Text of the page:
A second major issue is the economic viability of a future state known as Azawad. While the borders of such a state vary widely, with some configurations including areas well south of the Niger River, nearly all Azawad maps do not encompass the major economic drivers of Mali, which are cotton farming and gold mining in the southern areas of the country (see map). Even cattle, an important source of export income regionally, are now largely located in the South. This southern base of the national herd has come into being over the last 40 years as cotton farmers and urbanites have invested surplus capital in such animals and previous droughts thinned or displaced the northern cattle population. It is true that Mali’s tourism trade was growing prior to the 2012 troubles, and that northern cities such a Timbuktu were important stops, but this tourism circuit was anchored in points further south such as Mopti, Djenné, Dogon country, Segou and Bamako. It is hard to imagine that Timbuktu, as a stand-alone tourist destination, would attract as many tourists as it had when it was part of a larger circuit. Despite the rumors, no economically exploitable mineral or fossil fuel resources exist in the north of the country. Finally, there is the international drug trade, in which narcotics from Latin America enter West Africanist coastal areas, and then are transported over land via the desert to Europe. While this is an interesting return to the trans-Saharan trade of bygone eras, it is unlikely to be a sustainable source of income given international efforts to contain narco-trafficking. All of these factors suggest that Azawad would struggle economically were it to become an independent state.
The third issue, and a key one propelling the idea of an Azawad state, is a history of grievance and marginalization. Since independence from France in 1960, the Malian state has had an uneasy relationship with its Tuareg population given governance by southern agriculturalists who often failed to prioritize the interests of this nomadic pastoral group. Particularly notable rebellions occurred in the early 1960s and early 1990s, followed by a substantial reconciliation during a series of negotiations in the mid to late 1990s. As a result, the Malian government promised larger amounts of aid for the northern regions, a new province (known as Kidal) was created to give the Tuareg greater representation, and several Tuareg ministers were appointed. Indeed, the government of Bamako could do more to reach out to northern provinces to better address a history of marginalization, but it is also unfair to claim that little to nothing has been done.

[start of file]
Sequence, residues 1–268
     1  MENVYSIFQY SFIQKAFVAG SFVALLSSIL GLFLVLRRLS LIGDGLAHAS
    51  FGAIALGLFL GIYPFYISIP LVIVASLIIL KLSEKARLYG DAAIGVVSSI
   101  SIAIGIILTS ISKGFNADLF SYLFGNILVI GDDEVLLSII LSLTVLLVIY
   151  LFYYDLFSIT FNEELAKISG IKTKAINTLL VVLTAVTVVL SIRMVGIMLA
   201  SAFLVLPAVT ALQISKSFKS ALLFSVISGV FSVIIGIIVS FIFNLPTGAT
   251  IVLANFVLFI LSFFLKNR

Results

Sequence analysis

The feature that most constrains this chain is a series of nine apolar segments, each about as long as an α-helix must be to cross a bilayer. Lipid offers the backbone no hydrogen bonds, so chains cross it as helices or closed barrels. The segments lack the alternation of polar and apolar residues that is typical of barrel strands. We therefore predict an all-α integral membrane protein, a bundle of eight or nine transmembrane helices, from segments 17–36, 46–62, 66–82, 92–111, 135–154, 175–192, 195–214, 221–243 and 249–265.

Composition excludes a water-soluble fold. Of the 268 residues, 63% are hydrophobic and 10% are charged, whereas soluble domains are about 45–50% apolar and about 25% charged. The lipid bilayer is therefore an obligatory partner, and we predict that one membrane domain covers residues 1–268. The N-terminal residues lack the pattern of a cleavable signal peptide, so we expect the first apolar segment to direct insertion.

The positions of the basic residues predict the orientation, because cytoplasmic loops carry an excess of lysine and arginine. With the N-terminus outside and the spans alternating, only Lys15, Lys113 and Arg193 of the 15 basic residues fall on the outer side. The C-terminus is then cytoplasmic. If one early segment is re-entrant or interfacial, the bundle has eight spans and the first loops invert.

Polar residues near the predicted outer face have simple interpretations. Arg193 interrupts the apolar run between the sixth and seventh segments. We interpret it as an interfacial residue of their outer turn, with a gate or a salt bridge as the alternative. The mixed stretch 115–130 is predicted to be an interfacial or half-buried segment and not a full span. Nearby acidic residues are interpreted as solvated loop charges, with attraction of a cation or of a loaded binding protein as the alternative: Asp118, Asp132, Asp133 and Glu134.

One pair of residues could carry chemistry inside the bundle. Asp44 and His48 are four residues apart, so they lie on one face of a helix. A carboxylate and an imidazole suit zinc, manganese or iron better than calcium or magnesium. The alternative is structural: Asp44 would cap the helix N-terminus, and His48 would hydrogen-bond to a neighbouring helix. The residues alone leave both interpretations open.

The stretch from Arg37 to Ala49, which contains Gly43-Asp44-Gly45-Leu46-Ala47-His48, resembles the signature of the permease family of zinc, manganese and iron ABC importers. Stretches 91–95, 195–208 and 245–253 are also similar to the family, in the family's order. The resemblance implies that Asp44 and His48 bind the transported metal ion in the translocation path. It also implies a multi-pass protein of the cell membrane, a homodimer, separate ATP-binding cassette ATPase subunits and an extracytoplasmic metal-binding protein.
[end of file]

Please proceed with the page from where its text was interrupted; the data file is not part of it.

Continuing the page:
Mali needs to have a national conversation about a range of issues in the post war period, including the level of autonomy of the northern provinces. While the separatist Azawad cause definitely has its supporters inside and outside the country of Mali, they must also grapple with the very real constraints to such a state outlined in this essay.
William G. Moseley is Professor and Chair of Geography at Macalester College in Saint Paul, MN USA. Email: firstname.lastname@example.org. He has worked on and off in Mali since 1987.
Crampton, J. 2006. “The Cartographic Calculation of Space: Race Mapping and the Balkans at the Paris Peace Conference of 1919.” Social & Cultural Geography. 7(5): 731-752.
Davies, S. 1996. Adaptable Livelihoods: Coping With Food Insecurity in the Malian Sahel. New York: St. Martin’s Press.
Morgan, A. 2012. “The Causes of the Uprising in Northern Mali.” Think Africa Press. Feb 6.
Sarro, R. 2008. “Map and Territory: The Politics of Place and Autochthony among Baga Sitem (and their Neighbours).” pp. 231-252. In: Knörr, J. and W.J. Filho (eds). The Powerful Presence of the Past: Integration and Conflict Along the Upper Guinea Coast. Leiden, The Netherlands: Brill.